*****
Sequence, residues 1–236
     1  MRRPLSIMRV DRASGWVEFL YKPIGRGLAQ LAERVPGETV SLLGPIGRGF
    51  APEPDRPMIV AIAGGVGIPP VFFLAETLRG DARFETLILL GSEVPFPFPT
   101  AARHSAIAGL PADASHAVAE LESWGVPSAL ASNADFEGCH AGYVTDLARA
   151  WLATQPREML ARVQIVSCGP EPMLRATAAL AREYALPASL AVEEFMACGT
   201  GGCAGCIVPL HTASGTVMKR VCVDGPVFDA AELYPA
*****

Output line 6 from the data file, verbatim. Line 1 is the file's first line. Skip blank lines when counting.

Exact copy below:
   201  GGCAGCIVPL HTASGTVMKR VCVDGPVFDA AELYPA